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LDC vs SDC vs dynamic Why?

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Stephen Swaffer:
As the topic suggests, when and why would you choose an LDC, SDC, or dynamic mic?

My application specifically is ambient/room sound for a livestream-specifically geared more towards a congregation singing-but on a larger scale I am curious where the different mic types shine and why you would choose them?  I have all three available and have been experimenting with mics and placement trying to find something that I like.  With our very live room, getting primarily the congregation is proving challenging.

Chris Grimshaw:
In my experience, a good small-diaphragm condenser is about as good as it gets in terms of fidelity and directivity control. I like my Beyer MC930s for when I need a neutral sound with a cardioid pattern.

However, the other mics do have advantages:
- Large-diaphragm condensers will typically have lower electrical noise figures. The broad reason is that a bigger diaphragm means more sound becomes electricity, so needs less amplification. It's more complex than that, though. A larger diaphragm does mean the off-axis response typically doesn't hold up as well as it might with a small-diaphragm model, so there's a tradeoff there.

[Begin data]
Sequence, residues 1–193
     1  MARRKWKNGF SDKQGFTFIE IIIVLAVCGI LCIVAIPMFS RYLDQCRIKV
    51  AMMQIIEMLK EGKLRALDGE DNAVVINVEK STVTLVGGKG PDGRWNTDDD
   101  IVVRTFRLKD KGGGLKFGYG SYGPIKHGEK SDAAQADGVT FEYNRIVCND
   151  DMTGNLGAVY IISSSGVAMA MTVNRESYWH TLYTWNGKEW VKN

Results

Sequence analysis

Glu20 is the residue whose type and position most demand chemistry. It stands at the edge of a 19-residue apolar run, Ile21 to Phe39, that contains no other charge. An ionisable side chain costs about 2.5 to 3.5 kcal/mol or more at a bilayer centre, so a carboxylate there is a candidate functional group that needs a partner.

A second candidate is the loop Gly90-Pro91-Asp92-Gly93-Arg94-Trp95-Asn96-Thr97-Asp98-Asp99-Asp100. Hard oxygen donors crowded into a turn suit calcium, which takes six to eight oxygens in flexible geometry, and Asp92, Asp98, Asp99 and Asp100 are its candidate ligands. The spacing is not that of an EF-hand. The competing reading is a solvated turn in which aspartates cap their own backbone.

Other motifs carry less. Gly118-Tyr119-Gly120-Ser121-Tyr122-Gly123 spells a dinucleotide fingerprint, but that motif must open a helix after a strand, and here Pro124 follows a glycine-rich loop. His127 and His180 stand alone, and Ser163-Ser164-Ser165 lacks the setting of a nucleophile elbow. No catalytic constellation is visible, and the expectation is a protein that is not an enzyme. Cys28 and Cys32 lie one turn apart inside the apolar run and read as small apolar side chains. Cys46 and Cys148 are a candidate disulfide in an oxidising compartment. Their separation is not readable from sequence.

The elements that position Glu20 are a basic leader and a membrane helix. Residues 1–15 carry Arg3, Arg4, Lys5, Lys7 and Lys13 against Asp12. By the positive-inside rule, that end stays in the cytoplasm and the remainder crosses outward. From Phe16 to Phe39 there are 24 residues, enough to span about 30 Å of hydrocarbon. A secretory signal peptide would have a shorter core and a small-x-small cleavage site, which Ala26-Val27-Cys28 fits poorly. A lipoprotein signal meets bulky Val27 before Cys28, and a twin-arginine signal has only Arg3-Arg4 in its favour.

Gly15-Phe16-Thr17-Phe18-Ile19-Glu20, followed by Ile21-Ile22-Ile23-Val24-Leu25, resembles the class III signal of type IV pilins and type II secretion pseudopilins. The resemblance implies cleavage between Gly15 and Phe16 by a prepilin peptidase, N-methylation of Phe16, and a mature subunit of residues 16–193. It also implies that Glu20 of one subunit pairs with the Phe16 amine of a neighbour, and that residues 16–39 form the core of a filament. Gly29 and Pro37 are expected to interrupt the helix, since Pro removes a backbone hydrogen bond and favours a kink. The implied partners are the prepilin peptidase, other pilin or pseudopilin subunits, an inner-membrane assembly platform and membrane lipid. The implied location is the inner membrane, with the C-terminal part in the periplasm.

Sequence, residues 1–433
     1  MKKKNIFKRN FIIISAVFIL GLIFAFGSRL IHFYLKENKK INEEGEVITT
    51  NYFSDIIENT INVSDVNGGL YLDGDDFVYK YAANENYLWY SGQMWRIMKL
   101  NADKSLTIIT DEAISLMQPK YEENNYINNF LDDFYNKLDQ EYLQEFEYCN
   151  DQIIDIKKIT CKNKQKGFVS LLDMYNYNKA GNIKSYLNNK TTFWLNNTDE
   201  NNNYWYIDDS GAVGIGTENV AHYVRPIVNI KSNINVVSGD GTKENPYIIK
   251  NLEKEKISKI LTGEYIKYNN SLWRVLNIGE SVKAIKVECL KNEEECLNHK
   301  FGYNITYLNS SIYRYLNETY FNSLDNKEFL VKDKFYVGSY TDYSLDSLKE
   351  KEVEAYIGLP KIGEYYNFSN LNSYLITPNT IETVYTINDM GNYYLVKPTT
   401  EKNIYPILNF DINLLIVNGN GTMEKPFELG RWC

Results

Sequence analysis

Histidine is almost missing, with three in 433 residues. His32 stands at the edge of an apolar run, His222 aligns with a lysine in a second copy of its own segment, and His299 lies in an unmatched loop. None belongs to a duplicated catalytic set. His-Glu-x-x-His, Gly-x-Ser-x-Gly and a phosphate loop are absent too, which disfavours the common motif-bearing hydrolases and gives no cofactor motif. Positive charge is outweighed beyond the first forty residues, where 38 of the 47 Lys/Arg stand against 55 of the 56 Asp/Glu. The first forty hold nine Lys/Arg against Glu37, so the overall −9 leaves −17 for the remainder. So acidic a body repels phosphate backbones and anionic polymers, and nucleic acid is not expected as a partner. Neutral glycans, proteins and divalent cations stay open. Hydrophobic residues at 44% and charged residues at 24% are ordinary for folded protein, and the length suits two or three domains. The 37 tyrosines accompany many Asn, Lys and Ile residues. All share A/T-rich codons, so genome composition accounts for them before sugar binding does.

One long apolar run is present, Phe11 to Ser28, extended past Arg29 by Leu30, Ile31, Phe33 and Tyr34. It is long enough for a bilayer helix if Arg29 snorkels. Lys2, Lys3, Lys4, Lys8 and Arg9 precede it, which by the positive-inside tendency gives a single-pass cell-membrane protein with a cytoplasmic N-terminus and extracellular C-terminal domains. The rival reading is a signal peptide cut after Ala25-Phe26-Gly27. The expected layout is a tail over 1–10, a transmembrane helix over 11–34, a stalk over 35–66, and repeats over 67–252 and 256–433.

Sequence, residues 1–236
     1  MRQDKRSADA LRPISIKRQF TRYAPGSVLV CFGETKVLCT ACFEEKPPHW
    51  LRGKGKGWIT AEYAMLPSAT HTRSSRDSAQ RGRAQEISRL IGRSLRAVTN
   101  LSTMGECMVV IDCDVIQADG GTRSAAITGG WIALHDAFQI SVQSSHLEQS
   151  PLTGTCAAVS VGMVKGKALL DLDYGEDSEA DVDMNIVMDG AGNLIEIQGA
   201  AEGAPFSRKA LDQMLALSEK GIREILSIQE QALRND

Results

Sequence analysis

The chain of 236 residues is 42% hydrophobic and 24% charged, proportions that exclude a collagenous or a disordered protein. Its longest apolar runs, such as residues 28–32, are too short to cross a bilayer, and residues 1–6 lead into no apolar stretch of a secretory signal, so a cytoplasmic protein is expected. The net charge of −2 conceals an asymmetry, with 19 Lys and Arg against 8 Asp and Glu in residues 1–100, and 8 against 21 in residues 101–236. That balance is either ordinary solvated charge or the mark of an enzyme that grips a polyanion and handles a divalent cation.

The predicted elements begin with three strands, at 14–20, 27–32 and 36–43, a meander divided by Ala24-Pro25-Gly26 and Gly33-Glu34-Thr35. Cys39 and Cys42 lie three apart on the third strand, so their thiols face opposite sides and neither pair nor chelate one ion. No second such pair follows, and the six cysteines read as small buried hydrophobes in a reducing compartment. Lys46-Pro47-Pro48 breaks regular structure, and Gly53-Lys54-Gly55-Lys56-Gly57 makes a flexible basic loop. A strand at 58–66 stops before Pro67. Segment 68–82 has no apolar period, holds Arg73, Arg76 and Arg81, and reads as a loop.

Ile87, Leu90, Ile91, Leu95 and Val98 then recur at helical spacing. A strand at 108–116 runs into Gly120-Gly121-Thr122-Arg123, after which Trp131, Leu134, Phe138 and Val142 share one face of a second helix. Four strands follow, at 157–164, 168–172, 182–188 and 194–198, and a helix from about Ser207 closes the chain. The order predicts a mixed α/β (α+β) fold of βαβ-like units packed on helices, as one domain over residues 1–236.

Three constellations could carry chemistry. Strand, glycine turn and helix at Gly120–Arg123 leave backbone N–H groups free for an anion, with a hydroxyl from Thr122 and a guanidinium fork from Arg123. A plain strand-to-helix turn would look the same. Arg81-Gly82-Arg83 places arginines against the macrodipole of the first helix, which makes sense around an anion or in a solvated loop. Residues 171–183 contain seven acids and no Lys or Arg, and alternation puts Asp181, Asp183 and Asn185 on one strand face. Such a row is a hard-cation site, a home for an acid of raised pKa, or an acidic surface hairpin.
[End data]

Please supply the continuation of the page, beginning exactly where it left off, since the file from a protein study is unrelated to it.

- Dynamic mics have negligible electrical noise, but often 10-20dB less sensitivity*. You can still use them for distant pickup, but you'll need very low-noise mic preamps to do it well. Dynamics typically have a more, er, colourful response than a condenser mic - check the frequency response curves of an SM57, for example. Their big advantage is that they can handle very high SPLs without much/any distortion, so they're often the first pick for live sound where everything tends to be close-mic'd.

- Ribbon mics are a sub-type of dynamic mics. They don't like large air movements (the ribbon tends to stretch out), and they almost always have a figure-of-8 pickup pattern. Vintage ribbons had a very dark/smooth sound, but modern ones can tend towards condenser-like clarity. The fig-8 pickup is due to the mechanical layout of the device, and tends to be very consistent across the frequency range. I like to use them for mid-side work.

*It's important to note that, by "sensitivity", I refer to the output in mV/Pa. Not a subjective measure of sound quality.

In all, they each do roughly the same job - convert sound to electricity. Each type of mic can vary wildly in how well or badly it does that job. If I was recording a choir, for instance, my choice of mics would typically be a Beyer MC930 and an SE VR1 (a modern ribbon) in an M/S array. They're both decent, neutral mics.

If I was given a box of random mics to work with, I'd be looking for the good mics instead of a mic that happens to use a particular technology.

For instance, I'd pick a Beyer M201 instead of an EV Cardinal for literally any job. I've worked with both a lot and I don't care that the EV is a condenser - the Beyer is a better mic.